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of before, it's perpendicular but the problem is most of the east side is industrial and needs loading and loading working better with parallel parking. so we proposed to put parallel parking on the east side, perk -- it we perpendicun the west side. when it comes to residential parking permits specifically we are proposing -- i showed you earlier that about 80% of the parking in the area is unregulated. that 20% is almost exclusively rpp area x. this will be expanded and relabeled at area e. director
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coar people might be coming down here to park near cal train and go down south. that prevents that sort of thing. this helps do lower caps two for household and one for driver cap to try to get at that internal demand that we talked about at previous residence -- presentations. we made the conscious policy choice to draw the map of eligibility which you should be able to see. specifically it's made to bring the transportation code in align wme wment -- alignment with the planning code. the reason for that is to encourage people to move into those buildings. if the mta then issues people with parking permits to park on the streets and we are really
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undercuts that policy director it comes down as all things do with parking in this neighborhood to the numbers. we are projected to add something like 1500 housing units in the next few years. if all of those people come and have one or two cars there's not any place to put them. i do want to mention that it's under construction on the 22nd street green connection project that's going to beautify the street cascape of 22nd. wee worked directly with the planning department on the public realm plan. they pushed some things further east. we will say this might be coming your way, happy to work with you on phase two. then also working
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with streets and transit as i mentioned. level streets working on small project on indiana street and then to make sure that the constituents who said our real desire is more for transit in the dog patch to talk about what kind of improvements we can make there. so before i go, a few questions that have come up as part of the out reach that i thought i would just give you the answers that we've been giving the public, things that have come up over and over again. you say there's lots and lots of parking demand here, so why not just park in the garage. the answer is that is city charter essentially says that we can't build a garage because it would take money away from operations. given that a garage would cost probably tens of millions of dollars to accommodate the kind of demand that we see here it's safe to assume this would take away from operations. also this board would have to approve a garage comporting with the transit first policy that would be a tough case the make in this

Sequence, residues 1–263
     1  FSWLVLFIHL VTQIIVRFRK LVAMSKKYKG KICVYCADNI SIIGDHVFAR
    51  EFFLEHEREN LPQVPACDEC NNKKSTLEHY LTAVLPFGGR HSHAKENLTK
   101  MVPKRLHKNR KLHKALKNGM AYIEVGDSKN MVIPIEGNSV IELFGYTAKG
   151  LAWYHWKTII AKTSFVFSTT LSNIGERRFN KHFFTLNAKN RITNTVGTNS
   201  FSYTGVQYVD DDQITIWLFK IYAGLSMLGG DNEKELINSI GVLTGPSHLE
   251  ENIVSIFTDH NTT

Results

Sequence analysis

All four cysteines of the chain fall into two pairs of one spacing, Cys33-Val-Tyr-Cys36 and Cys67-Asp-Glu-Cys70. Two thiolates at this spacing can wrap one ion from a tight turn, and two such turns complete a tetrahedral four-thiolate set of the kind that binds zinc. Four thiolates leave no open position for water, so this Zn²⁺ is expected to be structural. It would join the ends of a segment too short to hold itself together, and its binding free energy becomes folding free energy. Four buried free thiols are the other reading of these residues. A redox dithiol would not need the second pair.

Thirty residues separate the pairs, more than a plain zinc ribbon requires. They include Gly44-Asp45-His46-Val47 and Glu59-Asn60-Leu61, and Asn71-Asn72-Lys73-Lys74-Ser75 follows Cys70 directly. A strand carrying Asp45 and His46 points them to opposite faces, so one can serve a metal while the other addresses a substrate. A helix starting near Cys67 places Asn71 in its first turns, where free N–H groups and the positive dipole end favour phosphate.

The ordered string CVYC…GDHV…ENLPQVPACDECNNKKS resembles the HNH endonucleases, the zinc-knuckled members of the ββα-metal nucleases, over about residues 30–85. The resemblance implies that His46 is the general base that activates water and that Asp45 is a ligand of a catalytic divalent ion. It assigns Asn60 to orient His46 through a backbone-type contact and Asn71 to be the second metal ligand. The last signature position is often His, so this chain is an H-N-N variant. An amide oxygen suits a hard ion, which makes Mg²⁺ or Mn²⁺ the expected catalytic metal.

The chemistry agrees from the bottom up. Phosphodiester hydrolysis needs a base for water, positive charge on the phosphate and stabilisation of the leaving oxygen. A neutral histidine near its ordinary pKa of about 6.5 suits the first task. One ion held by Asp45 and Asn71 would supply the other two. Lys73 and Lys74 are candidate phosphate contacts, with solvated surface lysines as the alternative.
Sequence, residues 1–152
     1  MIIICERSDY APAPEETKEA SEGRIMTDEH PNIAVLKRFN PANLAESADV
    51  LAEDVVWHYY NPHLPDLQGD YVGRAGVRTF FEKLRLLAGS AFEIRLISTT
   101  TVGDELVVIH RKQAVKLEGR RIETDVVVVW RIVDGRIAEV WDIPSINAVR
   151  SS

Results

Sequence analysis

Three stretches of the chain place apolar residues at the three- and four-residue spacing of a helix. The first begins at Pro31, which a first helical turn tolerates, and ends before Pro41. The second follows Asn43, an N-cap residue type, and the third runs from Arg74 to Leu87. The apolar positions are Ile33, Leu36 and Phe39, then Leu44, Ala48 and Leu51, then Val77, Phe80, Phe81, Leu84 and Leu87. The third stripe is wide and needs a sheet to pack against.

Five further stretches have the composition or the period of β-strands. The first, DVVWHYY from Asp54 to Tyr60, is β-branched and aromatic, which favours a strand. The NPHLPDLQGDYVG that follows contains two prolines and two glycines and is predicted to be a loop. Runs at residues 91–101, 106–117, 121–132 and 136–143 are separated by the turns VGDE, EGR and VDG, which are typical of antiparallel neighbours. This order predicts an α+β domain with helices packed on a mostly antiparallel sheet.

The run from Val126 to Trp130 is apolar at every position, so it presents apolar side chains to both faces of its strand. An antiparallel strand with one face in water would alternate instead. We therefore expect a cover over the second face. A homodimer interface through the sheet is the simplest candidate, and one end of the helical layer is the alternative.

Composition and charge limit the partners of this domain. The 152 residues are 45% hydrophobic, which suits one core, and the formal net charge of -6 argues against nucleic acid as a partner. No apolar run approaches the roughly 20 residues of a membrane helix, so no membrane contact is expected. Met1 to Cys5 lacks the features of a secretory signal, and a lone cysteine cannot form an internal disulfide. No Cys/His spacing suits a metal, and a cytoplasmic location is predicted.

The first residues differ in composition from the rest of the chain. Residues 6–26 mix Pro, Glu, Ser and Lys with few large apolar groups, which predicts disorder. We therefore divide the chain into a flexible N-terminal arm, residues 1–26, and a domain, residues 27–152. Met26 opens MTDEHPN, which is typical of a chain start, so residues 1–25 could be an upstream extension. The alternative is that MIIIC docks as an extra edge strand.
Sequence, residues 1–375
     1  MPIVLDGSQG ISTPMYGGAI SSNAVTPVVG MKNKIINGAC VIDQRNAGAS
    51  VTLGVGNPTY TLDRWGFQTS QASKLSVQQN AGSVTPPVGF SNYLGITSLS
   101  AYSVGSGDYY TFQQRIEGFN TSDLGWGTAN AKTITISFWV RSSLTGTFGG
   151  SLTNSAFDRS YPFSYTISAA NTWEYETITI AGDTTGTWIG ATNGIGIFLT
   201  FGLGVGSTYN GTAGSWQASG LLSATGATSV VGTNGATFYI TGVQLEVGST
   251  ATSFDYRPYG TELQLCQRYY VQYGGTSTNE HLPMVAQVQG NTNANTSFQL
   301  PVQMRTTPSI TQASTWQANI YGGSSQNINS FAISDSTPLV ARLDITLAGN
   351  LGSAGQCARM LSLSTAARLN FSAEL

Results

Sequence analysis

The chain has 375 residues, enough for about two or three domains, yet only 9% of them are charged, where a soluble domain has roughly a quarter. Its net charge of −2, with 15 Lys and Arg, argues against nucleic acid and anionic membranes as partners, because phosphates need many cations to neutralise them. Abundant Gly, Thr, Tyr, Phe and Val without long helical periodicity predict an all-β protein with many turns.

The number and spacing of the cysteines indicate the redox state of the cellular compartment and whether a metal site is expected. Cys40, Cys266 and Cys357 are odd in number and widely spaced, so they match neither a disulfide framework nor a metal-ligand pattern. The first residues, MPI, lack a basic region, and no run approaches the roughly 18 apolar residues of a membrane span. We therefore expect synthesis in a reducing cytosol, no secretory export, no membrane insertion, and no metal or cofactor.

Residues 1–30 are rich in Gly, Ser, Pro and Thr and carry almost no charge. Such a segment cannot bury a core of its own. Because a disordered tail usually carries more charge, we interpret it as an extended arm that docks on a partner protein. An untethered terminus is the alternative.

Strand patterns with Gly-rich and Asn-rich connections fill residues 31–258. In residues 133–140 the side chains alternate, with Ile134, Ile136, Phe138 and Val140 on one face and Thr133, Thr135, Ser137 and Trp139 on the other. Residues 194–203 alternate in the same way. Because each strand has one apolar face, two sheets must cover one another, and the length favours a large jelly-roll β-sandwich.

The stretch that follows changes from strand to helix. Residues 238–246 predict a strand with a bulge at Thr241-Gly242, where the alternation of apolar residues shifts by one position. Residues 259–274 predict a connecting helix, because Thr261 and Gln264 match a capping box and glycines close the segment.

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example. similarly a lot of folks said why not give permit to workers in the area to park. we heard this from transit workers saying what about permits for transit workers, pdr workers, folks who work in the retail businesses and may be approving early or leaving late. that sill -- that illustrates why permits wouldn't work. if you give everybody a permit you might not as well not have any regulations because then they are moved because everybody can park everywhere. i think it's important to remember that as i've said a lot of the reason for this regulation is to move along all the folks who don't actually have any business in the dog patch center, are just using it for that free parking. the point is to open up spaces for the workers and the people who live there and shop there. others have said, well, we have demand responsive pricing now throughout the city. you say
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that you're going to start these rates low but doesn't that mean they are going to go up over time. the answer is my operation ex-- experience has been is going from free parking to any price at all is a big change. that moves a lot of people along and getting them to change their behavior or makes them go over to the next place that has free parking. even a $050 an hour rate we won't see packed blocks to lead to price increases. it's worth noting that we had the mayor's rate adjustment completed in march. 80% saw no change at all. so most of the time the rates don't change even under normal conditions and going from free to a price is not really a very normal condition. i think lastly, again, the option of doing nothing means thing wills get -- continue to get worse as
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they have in the last couple of years. finally -- sorry, two more. one is that how will these parking regulations address -- we all know the words and that's going to bring lots and lots of traffic to the area. how do these regulations respond to that? the answer is these regulations themselves are not intended to address an event, the kind of parking that would happen during a warriors game or beyonce concert. they are intended to set the stage for saying that parking is regulated in do -- dog patch, don't think that you can park for free all day. it's not going to work that way. we will use the examples that we have in the parking areas as based solutions that will come back to this board and the neighborhood to address that. finally, how do we know this is successful? you think this will work. i think success is going to depend on your perspective and what is